Wednesday, May 25, 2016

Dog Proofing the Fence Again

Cracus likes to explore along the fence looking for any place that he can dig and slip under. He enjoys visiting the neighbors on his terms. One of my constant tasks is to walk along the fence and make sure that all the weak spots are patched up or blocked.  As you can see from the video above, Cracus is vigorously scratching the fence. Luckily I just picked up a few more free bricks on the sidewalk this morning.  I knew exactly what to do with them.

I placed the bricks against the fence, so Cracus can no longer scratch the base of the fence. There are other areas of the fence that are blocked off by various bricks and other objects.  I have a collection of free bricks just for this purpose. Cracus was disappointed after the bricks got in his way, but I am sure he will come up with something else to keep me on my toes.

Sunday, May 8, 2016

Tomato Pod and Cracus

We have been having more rain and overcast days than usual this year. It rained yesterday. It is May, and we are still having rain. This morning looked like another hot soup day. It was overcast with the potential to rain any second. Around 1 pm the sun finally came out and the sky became clear. I was so excited to open up both patio umbrellas that I rescued from the curbside. Cracus joined me in the yard as I worked on weed removal.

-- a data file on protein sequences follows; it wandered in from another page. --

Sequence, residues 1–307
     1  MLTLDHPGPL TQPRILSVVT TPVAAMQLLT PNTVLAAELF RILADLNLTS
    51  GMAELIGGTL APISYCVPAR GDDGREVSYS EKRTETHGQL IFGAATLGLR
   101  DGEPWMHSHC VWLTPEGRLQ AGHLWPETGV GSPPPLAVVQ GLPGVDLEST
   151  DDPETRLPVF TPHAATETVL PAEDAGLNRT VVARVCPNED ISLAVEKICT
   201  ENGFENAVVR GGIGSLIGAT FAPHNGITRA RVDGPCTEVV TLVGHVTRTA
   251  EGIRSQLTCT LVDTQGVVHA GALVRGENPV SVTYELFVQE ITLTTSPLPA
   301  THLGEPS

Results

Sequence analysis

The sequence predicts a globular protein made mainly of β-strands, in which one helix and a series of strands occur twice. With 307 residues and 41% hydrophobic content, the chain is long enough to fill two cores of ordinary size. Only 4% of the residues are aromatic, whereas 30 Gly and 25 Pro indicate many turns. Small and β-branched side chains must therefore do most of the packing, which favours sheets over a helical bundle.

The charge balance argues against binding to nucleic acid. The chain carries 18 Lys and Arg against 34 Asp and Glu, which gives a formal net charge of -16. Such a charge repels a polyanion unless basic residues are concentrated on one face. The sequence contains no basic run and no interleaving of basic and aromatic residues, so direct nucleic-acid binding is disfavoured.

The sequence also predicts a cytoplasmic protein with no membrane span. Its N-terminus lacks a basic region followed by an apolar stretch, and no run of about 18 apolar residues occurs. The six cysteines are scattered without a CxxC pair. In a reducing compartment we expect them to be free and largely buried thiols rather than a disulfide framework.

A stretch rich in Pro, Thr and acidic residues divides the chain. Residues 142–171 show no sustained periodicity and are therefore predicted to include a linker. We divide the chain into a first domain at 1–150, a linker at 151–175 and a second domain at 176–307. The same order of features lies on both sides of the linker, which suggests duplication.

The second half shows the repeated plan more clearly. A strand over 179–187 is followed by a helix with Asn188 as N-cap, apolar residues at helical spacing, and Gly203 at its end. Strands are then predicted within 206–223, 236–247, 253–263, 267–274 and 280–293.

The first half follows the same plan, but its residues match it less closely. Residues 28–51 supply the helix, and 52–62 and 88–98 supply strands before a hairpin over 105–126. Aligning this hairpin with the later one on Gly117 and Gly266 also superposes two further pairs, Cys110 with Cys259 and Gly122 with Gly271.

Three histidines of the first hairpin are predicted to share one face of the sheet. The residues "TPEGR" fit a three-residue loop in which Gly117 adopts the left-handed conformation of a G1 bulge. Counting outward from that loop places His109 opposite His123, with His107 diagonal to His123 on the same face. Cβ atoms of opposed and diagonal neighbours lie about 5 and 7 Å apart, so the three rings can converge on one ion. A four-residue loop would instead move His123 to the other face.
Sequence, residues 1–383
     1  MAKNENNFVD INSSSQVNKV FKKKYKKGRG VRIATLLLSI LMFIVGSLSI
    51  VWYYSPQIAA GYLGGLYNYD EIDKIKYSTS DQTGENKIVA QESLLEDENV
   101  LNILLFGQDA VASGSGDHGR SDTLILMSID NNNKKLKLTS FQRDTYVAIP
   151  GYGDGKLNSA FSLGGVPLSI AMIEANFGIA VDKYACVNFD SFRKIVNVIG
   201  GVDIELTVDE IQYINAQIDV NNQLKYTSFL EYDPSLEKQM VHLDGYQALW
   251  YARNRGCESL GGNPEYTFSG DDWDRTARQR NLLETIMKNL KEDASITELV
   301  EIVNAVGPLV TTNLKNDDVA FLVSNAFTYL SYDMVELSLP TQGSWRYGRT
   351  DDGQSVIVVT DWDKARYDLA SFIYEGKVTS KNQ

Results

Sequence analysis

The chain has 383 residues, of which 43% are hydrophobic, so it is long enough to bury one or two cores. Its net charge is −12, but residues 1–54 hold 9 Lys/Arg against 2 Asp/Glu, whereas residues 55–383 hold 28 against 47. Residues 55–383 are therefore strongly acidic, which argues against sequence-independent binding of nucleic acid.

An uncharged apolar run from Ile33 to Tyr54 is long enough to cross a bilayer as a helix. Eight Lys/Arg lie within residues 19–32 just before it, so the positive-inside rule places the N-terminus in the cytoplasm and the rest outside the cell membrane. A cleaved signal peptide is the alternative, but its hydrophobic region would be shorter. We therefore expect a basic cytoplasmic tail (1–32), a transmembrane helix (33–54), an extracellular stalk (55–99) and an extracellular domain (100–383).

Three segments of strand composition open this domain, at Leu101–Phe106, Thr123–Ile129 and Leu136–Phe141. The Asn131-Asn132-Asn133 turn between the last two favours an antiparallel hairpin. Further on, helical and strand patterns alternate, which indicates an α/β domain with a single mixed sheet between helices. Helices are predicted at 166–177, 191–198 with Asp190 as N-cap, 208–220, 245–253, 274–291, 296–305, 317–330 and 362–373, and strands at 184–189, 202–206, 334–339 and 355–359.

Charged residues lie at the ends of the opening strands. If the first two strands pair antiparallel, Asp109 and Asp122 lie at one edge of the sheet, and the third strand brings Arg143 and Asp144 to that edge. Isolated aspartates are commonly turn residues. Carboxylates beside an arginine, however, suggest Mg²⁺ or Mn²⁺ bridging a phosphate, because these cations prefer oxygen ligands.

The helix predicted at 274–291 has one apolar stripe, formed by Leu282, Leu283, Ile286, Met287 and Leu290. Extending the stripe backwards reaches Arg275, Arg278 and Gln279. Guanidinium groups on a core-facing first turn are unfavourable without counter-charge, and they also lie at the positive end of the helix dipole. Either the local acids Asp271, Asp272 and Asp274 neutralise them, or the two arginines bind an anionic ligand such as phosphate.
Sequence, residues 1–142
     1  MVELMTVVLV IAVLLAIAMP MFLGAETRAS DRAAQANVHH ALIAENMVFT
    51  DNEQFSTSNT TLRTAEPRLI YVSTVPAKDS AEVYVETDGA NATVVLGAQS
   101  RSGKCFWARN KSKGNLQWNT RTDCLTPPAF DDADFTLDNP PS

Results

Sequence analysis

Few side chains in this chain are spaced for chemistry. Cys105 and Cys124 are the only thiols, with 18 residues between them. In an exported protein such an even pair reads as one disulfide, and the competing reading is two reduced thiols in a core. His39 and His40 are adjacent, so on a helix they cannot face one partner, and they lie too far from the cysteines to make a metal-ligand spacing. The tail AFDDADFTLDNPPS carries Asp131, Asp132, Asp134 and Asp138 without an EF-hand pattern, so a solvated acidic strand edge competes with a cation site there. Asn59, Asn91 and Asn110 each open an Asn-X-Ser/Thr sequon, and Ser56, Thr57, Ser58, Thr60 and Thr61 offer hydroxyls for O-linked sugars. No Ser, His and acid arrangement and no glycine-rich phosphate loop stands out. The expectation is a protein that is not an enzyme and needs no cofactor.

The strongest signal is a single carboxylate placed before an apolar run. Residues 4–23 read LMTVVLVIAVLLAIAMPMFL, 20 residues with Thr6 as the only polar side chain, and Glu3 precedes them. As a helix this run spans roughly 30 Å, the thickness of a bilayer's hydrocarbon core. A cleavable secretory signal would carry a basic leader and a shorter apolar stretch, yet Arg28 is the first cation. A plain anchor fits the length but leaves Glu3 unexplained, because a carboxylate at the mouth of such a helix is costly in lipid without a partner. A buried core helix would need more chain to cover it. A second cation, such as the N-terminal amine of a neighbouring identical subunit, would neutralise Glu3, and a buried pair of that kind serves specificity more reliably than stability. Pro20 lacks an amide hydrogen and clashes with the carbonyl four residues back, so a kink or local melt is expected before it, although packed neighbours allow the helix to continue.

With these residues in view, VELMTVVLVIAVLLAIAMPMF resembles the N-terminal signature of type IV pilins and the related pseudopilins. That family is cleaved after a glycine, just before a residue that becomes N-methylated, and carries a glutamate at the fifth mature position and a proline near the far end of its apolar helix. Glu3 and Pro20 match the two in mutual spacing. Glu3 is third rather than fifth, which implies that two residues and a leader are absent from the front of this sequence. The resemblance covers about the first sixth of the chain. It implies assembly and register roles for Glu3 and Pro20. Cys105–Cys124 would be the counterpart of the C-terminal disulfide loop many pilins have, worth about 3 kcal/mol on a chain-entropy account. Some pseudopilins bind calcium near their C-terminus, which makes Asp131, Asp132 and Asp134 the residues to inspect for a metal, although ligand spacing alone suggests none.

I wasn't planning on growing any tomato just because tomato isn't something I crave for usually. However, a friend of mine gave me a couple Miracle Gro cherry tomato seed pods a few days ago, so I had been looking forward to planting them. I cleared out all the weeds growing in my planter box before digging two holes for these pods.  To my surprise, I found some mint in the planter box.  I carefully pulled all the weeds around it.  After I was done, I sat down in the shade for a few minutes to pet Kelsey, who always likes to lay in full sun.   I turned around to gather all the garden tools, and that was when I noticed a hole where I just planted the pods. Cracus looked at me from a few steps away. Did he eat it? It had to be him. I ran inside and found dirt all over Kelsey's big bed. Cracus ran after me and lay right next to it proudly. I shook my head and started to clean up. I replanted the "pod" back into the hole but made it deeper. Hopefully he is not going to do it again.